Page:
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This book would be an excellent follow-up to the movie "Orphan Train". It brings out the reality of the movement between 1854 and 1930 of 200,000 abandoned children to find homes in the West.
Chapters alternate between historical information on the movement and personal details and memories of orphans like Lee Nailling and his brothers.
The most touching moment for me was when Lee, who had every reason to be bitter and hate the world, finally found a home. Fully intending to run away again before morning, he fell asleep and was awakened by a call to breakfast. As a part of "grace" said before the meal by his mother-to-be, the boy heard, "Father, thank you for sending our new son to us, for the privilege of allowing us to raise him."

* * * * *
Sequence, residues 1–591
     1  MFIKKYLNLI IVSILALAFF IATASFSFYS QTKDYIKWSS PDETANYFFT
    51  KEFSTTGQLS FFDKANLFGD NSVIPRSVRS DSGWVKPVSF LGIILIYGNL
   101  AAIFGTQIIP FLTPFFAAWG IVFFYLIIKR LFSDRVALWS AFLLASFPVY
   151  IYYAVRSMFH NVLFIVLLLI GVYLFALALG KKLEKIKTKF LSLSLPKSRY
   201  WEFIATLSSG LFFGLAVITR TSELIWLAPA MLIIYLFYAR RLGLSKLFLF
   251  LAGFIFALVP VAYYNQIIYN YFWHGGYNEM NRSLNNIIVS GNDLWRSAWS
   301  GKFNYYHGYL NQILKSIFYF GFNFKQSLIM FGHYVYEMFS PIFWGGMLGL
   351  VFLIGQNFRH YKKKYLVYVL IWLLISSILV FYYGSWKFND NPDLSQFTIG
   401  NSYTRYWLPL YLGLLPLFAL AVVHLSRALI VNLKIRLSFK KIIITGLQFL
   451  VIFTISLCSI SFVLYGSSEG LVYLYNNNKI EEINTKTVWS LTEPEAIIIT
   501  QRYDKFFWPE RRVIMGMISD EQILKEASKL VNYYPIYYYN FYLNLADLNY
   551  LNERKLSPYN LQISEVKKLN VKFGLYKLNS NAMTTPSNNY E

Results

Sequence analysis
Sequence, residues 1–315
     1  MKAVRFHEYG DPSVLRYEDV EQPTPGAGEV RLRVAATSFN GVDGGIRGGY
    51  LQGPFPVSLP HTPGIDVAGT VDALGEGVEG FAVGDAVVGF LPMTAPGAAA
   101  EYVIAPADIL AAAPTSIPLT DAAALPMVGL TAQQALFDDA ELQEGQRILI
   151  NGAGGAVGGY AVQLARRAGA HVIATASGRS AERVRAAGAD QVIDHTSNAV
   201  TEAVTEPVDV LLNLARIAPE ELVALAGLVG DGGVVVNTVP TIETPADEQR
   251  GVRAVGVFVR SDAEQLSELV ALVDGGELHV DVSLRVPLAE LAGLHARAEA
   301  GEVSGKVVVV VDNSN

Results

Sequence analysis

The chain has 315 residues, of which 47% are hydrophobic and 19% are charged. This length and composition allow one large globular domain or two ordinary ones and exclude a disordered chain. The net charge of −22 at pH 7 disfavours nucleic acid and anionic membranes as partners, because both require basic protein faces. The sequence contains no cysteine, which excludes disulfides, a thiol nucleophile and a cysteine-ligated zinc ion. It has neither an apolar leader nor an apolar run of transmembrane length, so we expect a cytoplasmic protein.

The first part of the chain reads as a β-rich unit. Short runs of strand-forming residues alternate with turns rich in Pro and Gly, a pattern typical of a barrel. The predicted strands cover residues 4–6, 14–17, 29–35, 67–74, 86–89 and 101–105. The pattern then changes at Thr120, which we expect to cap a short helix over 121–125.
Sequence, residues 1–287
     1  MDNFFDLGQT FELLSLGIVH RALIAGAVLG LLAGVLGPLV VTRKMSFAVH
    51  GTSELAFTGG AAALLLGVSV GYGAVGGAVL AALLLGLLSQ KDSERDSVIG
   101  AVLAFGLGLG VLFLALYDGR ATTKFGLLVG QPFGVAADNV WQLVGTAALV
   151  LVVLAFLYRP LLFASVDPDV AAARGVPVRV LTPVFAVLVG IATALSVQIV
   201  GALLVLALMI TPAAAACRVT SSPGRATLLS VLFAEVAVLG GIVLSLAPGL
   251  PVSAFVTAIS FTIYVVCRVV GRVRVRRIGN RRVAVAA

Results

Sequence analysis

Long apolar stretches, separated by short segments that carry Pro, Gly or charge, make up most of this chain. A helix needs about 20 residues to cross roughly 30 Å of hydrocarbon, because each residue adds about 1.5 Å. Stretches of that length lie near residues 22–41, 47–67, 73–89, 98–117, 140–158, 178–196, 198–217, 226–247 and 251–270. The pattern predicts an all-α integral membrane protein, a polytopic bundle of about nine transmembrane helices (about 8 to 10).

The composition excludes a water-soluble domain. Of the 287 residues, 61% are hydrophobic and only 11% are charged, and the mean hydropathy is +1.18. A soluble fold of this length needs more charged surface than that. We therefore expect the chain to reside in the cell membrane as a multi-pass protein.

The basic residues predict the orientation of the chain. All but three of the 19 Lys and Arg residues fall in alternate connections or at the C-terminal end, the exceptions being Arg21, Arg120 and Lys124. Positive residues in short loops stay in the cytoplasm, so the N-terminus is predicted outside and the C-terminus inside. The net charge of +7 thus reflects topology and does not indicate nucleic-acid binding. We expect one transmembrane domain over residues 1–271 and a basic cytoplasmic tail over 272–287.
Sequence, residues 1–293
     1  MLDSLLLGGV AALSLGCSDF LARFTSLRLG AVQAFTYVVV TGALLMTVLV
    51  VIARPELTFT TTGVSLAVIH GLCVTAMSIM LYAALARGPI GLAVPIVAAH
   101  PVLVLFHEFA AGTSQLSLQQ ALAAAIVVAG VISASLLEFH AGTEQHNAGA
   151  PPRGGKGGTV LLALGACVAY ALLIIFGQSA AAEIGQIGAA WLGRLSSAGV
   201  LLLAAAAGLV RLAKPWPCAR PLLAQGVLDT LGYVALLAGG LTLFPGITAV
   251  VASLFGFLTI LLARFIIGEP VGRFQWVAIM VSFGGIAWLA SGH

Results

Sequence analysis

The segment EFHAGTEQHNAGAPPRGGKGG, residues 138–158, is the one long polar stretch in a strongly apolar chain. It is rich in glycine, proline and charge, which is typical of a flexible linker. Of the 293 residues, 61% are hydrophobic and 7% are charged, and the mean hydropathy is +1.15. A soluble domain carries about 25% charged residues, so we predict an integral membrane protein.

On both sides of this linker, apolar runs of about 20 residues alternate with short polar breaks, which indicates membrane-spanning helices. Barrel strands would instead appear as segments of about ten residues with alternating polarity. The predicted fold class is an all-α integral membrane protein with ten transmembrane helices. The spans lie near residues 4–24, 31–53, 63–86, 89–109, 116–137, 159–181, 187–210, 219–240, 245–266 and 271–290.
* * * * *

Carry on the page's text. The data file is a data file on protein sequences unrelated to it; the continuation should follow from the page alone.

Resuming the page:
Lee commented, "I'm sure my jaw dropped in amazement. Somebody was actually thankful I was there!"
There are also many excellent photographs.